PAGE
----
How to write a tarotscope
This post first appeared at siobhansmirror.com
This post breaks the process of writing a tarotscope into four steps!
I’ve been writing a monthly tarotscope for almost a year now. At first, I posted a monthly tarotscope for a single sign. I liked doing those single-sign forecasts because it seemed each zodiac sign had a flavor, and it touched the experiences of the collective.
I had a basic understanding of astrology, but this had nothing to do with my perception of this “flavor.” For more information about my monthly tarotscopes, check out my ‘Scopes info page. Read on for how to write a tarotscope, a step by step guide to one of the ways that I’ve done tarotscopes in my monthly ‘Scopes.
I LOVE quality horoscopes and respect the astrologers who create them.
I’m always looking for more of them, and I collect my favorites. I love them because they are an artful exercise in intellectual synthesis. The astrologer is analyzing contexts within contexts. It’s a heady undertaking.
And then there is that certain extra sense that elevates a good horoscope, to a great one. With all that goes into a great horoscope, it might be tempting to hold it above other divinatory systems and our intuition and knowing. Resist this temptation.
These flavors exist, with or without astrological analysis. And there are multiple routes to raise awareness of these trends and patterns. Tarotscopes are a way to ask ourselves, and our transpersonal selves, about these celestial “flavors.”
[Tweet “Tarotscopes are a way to ask our transpersonal selves about celestial “flavors.” #radicaltarot #tarotscopes”]
I saw one of my first tarotscopes at Adrienne Abeyta’s site about two years ago.
I remember thinking “What is this??!! How does a person keep this up monthly??” I didn’t try it myself, at first, because I assumed there was a particular way to do it and that, since I didn’t know the right way, I would do it wrong. And the world would implode, obviously.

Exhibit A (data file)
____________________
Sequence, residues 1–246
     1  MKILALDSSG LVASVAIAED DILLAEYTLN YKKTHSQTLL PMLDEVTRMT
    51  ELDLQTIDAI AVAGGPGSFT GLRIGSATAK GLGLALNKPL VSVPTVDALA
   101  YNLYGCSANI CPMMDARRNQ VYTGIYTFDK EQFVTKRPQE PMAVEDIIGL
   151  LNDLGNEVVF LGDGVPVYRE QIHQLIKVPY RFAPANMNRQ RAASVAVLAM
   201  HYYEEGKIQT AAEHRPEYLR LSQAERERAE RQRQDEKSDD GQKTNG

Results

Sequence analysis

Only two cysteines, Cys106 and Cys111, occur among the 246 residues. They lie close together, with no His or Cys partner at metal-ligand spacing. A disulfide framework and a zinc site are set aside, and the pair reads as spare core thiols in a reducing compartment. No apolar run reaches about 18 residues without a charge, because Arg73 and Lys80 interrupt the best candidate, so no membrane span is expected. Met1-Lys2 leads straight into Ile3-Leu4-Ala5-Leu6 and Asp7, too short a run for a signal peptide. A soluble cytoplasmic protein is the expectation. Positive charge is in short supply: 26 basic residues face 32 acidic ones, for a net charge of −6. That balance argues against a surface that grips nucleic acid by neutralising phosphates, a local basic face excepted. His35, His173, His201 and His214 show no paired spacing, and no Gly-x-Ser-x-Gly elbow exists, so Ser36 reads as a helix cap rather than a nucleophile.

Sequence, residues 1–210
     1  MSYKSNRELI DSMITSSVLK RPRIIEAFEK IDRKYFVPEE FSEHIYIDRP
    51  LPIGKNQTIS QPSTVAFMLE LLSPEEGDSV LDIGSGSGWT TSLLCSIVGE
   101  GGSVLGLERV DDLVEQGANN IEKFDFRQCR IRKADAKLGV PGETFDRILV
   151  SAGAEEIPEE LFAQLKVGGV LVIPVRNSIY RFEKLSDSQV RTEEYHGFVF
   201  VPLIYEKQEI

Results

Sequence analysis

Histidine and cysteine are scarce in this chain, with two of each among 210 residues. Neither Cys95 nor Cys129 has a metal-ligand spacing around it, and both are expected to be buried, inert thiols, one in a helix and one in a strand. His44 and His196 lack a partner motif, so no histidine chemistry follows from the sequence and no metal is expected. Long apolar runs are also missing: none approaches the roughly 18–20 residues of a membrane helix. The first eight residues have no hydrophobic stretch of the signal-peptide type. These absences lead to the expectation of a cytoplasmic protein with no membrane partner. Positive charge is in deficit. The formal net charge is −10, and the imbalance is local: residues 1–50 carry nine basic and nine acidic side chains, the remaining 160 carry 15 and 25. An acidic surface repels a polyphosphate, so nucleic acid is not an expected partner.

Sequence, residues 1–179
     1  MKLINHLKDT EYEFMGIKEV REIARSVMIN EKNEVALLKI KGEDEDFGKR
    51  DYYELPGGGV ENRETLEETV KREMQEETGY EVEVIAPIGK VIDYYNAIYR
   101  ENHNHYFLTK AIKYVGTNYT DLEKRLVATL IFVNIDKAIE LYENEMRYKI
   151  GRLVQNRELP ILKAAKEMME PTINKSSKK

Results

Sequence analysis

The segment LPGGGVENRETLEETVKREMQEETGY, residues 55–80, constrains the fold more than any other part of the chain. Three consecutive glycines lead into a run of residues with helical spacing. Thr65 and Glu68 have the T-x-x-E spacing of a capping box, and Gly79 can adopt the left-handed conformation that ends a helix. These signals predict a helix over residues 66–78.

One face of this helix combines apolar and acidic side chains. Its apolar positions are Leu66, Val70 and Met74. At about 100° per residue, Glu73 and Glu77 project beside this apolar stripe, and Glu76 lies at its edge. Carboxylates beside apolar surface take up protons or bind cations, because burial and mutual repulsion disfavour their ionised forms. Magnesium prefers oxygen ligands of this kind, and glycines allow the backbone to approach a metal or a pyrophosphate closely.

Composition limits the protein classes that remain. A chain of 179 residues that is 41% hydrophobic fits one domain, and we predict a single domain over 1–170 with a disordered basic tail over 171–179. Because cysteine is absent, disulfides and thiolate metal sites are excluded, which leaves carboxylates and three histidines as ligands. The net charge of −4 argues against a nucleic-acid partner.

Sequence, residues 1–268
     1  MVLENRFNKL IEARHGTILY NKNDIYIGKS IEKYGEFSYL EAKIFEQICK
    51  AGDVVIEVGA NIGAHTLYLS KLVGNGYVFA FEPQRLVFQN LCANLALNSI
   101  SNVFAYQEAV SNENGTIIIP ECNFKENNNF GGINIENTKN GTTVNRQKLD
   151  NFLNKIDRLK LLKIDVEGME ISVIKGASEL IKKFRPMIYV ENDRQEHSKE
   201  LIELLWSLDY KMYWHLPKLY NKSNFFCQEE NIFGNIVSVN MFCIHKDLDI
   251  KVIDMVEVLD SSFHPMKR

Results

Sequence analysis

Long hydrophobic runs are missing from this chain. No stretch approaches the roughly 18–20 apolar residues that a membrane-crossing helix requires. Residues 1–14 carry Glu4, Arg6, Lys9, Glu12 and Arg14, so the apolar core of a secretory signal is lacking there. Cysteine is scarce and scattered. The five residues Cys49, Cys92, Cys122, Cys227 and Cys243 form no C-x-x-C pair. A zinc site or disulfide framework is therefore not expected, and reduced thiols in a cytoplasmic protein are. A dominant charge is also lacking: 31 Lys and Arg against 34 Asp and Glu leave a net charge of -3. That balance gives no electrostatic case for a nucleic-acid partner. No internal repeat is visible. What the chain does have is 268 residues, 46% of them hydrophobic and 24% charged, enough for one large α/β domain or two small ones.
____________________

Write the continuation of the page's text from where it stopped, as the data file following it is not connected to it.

If there’s a rulebook out there about how to do tarotscopes, I’m curious to see it. Until I do, I do my tarotscopes like I do any other spread: according to my intuition.The thing to remember about tarotscopes is that they aren’t horoscopes. Unless you happen to be an astrologer doing a tarotscope (and plan to make a hybrid!!).
How-to: Write a Tarotscope
Step 1 – Intent
What is your intent?
A forecast can be for a day, a week, a month, a season, a year. Make sure you decide on one of those before you start. I’ve forgotten this before… o.O You may want to predict specific events or prefer general guidance and not care for prediction. Some folks prefer using cards to focus, reflect, or as guides for who and how to be. Decide before you start and it will help you decide how to proceed.
Remember who the reading is for.
Even within zodiac signs, there is a ton of variance between people’s lived experience and circumstances. Unlike a horoscope, based on a person’s time and location of birth, tarotscopes tend to be general readings. If the reading is for more than one person, keep in mind the inherent limitation of a general reading.
Step 2 – Spread/Card Position
What do you want to know?
To focus my intent for a reading, I prefer to start with a question. Once you’ve decided on the style of the tarotscope: predictive or not, the scope (pun not intended) of your tarotscope: day, week, month, and the deck or decks you will use, decide on the question or questions that you want to answer. Here’s what I often use in a two card tarotscope:
- What is the flavor, theme, or lesson in this upcoming zodiac season?
(Pulled from *trumps.)
- How might this lesson manifest, day to day, in the lives of [insert zodiac sign]?
(Pulled from *minors.)
*Trumps as in the Major Arcana cards, numbered 0-22 in the tarot.
*Minors as in the Minor Arcana cards, everything but the trumps.
Step 3 – Interpret
What does it mean?
Interpret the same way you would any other card pull or tarot spread. If you are new to reading tarot, remember your original intent from Step 1 and let that guide your interpretation. Experience the symbols and art. You don’t need to know what it all means to be open and present with yourself and the card images. The time will be well spent.
Step 4 – Layers
What can you add?
This is the place to address the limitation I mentioned above that comes when doing general readings. Offset this with relevant questions as prompts for your spread positions or focus on events that have meaning for many, such as season changes, holidays, planetary motion, and cultural shifts.
If you use other objects or modalities for divination, use them. A pair of dice, runes, charms? GO NUTS. I’ve asked myself the two questions from above with nothing, not even tarot cards, and card images have come to my mind’s eye.
[Tweet “You don’t need an extensive mystical background to have your own intuitive experience. #radicaltarot”]
Remember that you don’t need to use anything to explore your intuition. And if a song comes to mind, sing it. A scent? Consider, how did the scent make you feel? A color? A movement? Embody and explore whatever came up for you. Notice you don’t need a fancy magickal initiation or extensive mystical background to have your own intuitive experience.
That’s it! Give it a go!
Share this post at the left!
(You know you want to.)
Loon, J. van (Johannes), ca. 1611-1686. [PD], via Wikimedia Commons